State of the advance of Russian forces in eastern Ukraine as of April 10. Map: RFE/RL Source: Institute for the Study of War
By Reid Standish
As the Ukraine war shifts its focus to the country’s east and south, Kyiv is calling on NATO countries to provide all the weapons it says it needs to push back Russian forces.
It was recently announced that the Czech Republic sent a dozen Soviet designed T-72 tanks as well as howitzer artillery pieces and armored vehicles to Ukraine, signaling a new level of support and that Kyiv’s requests are being heard. Other countries, such as Poland and the United Kingdom, are believed to also be stepping up shipments, and the United States continues to supply more equipment after recently announcing hundreds of millions of dollars in new spending for Ukraine.
This comes as Ukrainian forces may need to change tactics as they focus their attention on Russian troops in the east and south that are better positioned than the armored columns that Ukrainian fighters were able to pick off with their light infantry using anti-tank missiles around Kyiv and the northeastern part of the country.
Russia is currently repositioning and refitting its forces as it adapts its goals for its invasion of Ukraine following heavy losses, with Moscow hoping it can control Mariupol, capture all of the territory claimed by Russia-backed separatists in Donetsk and Luhansk, and encircle Ukrainian forces in the area.
To better understand what lies ahead, RFE/RL spoke with Mark Cancian, a retired U.S. Marine colonel and senior adviser at Washington's Center for Strategic and International Studies.
Moscow is seeking to wage a more conventional military-on-military war in the Donbas and in the south of Ukraine. How do those coming fights measure up and how different will this be from what we’ve seen from around Kyiv, especially given that Ukraine now has to deal with Russian forces that have made more defensible gains and are better dug in?
Mark Cancian: 'I think the Russians are doing what they should have done militarily three weeks ago, which is to focus their effort and mass their forces in the areas where they've had the most success. That would be in the south, around Mariupol, and they're also coming in from the north and from the Donbas region in the east.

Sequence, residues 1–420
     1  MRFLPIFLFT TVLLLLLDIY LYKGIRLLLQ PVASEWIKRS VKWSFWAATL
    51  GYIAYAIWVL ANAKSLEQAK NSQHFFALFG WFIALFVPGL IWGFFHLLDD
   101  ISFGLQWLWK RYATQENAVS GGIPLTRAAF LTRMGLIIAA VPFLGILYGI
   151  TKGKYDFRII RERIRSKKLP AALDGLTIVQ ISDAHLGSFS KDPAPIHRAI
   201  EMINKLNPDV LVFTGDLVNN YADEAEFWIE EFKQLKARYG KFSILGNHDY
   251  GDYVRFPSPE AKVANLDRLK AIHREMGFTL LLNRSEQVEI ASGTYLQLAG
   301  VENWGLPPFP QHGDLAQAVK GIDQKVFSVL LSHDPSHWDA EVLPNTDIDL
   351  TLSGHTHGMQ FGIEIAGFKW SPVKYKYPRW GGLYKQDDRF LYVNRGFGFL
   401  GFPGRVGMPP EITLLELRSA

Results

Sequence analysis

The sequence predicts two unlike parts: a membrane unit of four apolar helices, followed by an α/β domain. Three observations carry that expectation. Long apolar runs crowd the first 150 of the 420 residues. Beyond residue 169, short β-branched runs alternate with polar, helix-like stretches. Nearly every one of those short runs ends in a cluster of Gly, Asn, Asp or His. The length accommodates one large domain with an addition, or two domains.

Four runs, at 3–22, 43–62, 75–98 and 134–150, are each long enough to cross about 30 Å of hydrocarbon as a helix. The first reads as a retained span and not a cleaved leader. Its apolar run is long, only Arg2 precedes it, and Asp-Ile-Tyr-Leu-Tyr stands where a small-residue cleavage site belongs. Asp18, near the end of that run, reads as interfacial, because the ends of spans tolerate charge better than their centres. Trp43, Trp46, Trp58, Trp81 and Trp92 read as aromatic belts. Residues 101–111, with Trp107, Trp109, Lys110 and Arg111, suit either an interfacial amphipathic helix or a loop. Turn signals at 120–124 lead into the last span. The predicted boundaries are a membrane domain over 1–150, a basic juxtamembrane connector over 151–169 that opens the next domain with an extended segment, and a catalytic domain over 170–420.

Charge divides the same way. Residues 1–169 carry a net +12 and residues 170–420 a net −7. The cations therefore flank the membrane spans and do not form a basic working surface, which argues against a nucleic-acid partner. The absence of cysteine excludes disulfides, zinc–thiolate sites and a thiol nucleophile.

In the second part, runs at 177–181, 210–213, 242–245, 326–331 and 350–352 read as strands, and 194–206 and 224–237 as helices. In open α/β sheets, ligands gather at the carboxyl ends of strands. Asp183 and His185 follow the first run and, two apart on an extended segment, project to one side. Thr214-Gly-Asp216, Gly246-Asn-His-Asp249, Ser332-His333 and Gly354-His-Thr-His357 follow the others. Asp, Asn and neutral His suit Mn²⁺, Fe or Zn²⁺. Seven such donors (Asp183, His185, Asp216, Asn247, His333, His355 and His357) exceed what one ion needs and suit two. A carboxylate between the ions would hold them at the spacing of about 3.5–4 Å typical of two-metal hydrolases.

One of the objectives of the Russian offensive has been to increase their gains in the Donbas and to take over those areas. So, it's not surprising that they're mobilizing forces there. It's a bit dangerous for the Ukrainians because there's a possibility that the Russians could get behind them.
The fact that the West has been supplying not just anti-tank weapons and anti-aircraft weapons, but also artillery shells and bullets, and just day-to-day supplies, it’s all terribly important.
The Ukrainians have been very stubborn on the defense and while the Russians are gathering more forces [and] they pull some out from other areas, they're still probably going to need to refit and redeploy them. Although it's going to take some time to refit those forces. Many of them - especially the ones up by Kyiv - were badly chewed up. It will take a while to get replacement equipment, reinforcements, rest them, and then bring them around.'
Mark Cancian, senior adviser at Washington's Center for Strategic and International Studies. Screenshot from YouTube
Western intelligence officials believe that Russian President Vladimir Putin will want an 'announceable success' for the country’s traditional Victory Day parade on May 9. Will this timeline affect how the next month of war will unfold and does it create pressure for Russia, Ukraine, and Western countries?
'It’s not clear how that date could affect military operations.
I think the generals have made it clear what they're trying to do, [which is] move bit by bit in the east. They've stopped offensives in other areas. It’s not clear to me that the Russians have another month of fighting left in them.
They've taken a lot of casualties and morale is sinking. I think that they're on a timeline here and if they don't get success soon, they're just going to stalemate, and that would be very bad for the Russian military.'